Employees and HR functions alike find themselves on the eve of the fourth industrial revolution. The World Economic Forum states that current changes are so severe in respect to their velocity, scope, and systems impact that they will most likely profoundly affect our way of living, working, and relating to each other. They will do so to an extent that has been never experienced by former generations of the workforce. This revolution is characterized by a combination of technologies that redefines physical, digital, and biological spheres and boundaries and will have a strong impact on our economies: According to research by MIT Sloan Management Review, 76% of representatives from all industries expect digital technologies to disrupt their industries strongly or moderately. However, less than 50% of those interviewed believe that their organizations are ready to respond to the digital changes.
It’s a People Topic!
Employees find themselves in the eye of this storm: 91% of them believe that digital technologies will fundamentally transform their way of working. On the other hand, only 43% of employees are satisfied with the way their organizations respond to digital trends. HR functions now have a unique opportunity, even an obligation, to embark on a transformational process that eventually enables them to master the digital disruptions. The question is: How? And where to start?
When looking for answers, we’ll find two facts: Bad news is that the HR function requires nothing less than a transformative paradigm shift. Good news is that there is a concept in place: ‘Customer Experience of HR’ (CxHR) is the most promising approach for HR transformation, and its principles have been proven by consumer marketing.
The Impact of Customer Experience Design (CxHR)
Applying the marketing principles of customer experience design to HR is rewarding: Companies that apply customer experience design achieve on average 16% higher customer loyalty. Customers are more likely to recommend such services, more willing to buy additional products, and less willing to switch providers. Applying the principles designed for customers of consumer goods to end-users of HR services (employees, line managers, senior executives, applicants, learners) will result in a more worthwhile experience for these internal customers. And it will, consequently, make the HR function more effective and competitive and will ultimately lead to higher employee engagement, retention, and performance. Let’s have a closer look at the framework of CxHR, let’s begin by defining the starting point (the ‘from’) and, after, the goal (the ‘to’) of transformation. Finally let’s examine the ‘how’ of the transformation (the ‘by’).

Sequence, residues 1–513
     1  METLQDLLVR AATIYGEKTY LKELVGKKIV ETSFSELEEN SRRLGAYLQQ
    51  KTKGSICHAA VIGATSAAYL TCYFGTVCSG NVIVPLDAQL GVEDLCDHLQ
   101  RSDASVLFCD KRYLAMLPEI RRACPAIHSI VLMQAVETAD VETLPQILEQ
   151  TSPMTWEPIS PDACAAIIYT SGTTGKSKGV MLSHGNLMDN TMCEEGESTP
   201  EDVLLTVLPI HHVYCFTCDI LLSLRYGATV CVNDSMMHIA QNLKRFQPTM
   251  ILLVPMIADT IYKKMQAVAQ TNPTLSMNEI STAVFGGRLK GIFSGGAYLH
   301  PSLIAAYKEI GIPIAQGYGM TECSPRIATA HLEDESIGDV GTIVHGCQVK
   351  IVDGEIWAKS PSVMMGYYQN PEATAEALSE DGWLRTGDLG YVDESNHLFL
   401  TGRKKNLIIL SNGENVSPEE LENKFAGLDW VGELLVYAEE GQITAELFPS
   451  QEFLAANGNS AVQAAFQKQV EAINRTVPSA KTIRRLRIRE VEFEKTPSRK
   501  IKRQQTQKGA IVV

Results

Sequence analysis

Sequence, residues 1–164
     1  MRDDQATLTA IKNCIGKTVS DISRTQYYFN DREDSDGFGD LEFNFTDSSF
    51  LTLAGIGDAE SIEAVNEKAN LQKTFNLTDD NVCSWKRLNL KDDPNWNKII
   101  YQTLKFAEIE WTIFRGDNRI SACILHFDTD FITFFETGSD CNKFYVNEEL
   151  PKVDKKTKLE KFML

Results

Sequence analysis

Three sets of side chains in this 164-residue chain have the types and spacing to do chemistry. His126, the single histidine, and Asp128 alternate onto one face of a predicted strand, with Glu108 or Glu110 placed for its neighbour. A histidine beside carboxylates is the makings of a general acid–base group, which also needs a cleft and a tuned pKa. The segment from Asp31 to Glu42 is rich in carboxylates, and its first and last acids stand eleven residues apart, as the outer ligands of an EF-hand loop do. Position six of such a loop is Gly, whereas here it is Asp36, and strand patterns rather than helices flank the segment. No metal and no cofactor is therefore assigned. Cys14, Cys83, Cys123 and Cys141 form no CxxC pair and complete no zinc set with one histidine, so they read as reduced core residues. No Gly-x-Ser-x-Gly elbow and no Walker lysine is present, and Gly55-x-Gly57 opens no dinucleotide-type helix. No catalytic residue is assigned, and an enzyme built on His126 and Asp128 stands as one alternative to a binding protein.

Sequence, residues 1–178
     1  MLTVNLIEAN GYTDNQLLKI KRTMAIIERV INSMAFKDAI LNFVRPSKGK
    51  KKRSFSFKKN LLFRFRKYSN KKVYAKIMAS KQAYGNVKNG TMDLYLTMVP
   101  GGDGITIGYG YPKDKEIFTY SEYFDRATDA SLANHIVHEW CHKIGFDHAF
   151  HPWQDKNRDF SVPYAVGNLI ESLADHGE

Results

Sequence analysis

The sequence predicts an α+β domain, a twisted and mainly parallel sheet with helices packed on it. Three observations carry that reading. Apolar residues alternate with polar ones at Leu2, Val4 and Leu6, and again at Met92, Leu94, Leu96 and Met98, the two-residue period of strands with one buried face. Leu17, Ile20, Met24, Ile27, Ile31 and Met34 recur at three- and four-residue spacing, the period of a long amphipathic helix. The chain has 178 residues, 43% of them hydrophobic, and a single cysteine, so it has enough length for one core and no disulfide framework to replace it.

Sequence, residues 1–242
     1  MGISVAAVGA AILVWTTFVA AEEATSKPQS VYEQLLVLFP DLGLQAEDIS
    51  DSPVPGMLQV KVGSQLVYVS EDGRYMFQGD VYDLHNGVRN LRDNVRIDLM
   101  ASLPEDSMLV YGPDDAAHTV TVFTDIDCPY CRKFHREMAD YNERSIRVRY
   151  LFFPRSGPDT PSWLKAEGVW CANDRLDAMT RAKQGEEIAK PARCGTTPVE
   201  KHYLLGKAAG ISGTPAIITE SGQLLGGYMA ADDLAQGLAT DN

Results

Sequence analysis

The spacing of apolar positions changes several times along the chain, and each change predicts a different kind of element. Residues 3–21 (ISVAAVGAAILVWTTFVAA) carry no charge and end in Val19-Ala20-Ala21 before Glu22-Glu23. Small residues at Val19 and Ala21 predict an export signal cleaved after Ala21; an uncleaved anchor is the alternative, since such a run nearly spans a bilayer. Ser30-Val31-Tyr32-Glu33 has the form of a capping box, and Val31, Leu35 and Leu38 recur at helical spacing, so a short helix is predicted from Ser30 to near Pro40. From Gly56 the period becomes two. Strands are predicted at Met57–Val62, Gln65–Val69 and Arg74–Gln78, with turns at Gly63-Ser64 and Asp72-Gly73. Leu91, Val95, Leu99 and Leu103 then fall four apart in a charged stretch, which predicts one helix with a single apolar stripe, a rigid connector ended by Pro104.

Goals of CxHR
From HR-centric HR to Customer-centric HR
A lot has been achieved in HR since Thomas Stewart described it as “nestling warm and sleepy in your company […]” in 1996. Still, HR functions in too many organizations are too focused on themselves. Yes, the Ulrich model is frequently used, but in all fairness: How often has the model been revised since its first implementation – especially for those organizations with an HR Business Partner model in place? A CEB study shows that more than 80% of organizations are planning or even undergoing an HR transformation. Considering the pace of transformation, it seems impossible that HR can focus on the needs of their customers.
An HR function that adopts the CxHR approach breaks away from that. The example of Digital Learning strikingly demonstrates the power of customer-centric HR. Within the HR-centric approach, technology in learning is used to provide the traditional training content in a digital format and to automate the learning process, e.g. registration or feedback. The customer-centric approach of Digital Learning uses technology to adjust training concepts for the sake of the learner. Collaborative elements make learner reflection on training sessions more effective while ‘Gamification’ – the gratification of learners e.g. by scores or level systems for correct answers – motivates learners to actually undergo the coaching. Case studies show that participation rate and effectiveness of training are much higher when the customer-centric approach of Digital Learning is adopted.
From Unknown employee wants, needs, and skills to Empowered individual
The average company tries to collect knowledge about employee sentiments by running engagement surveys. In times of digital disruption, the role of these – cumbersome – exercises is, thankfully, diminishing. Honestly: What do they really tell HR about the wants, needs, and skills of the workforce? And do they really evoke action in response to apparent weaknesses – given the time lag between running the survey and receiving results?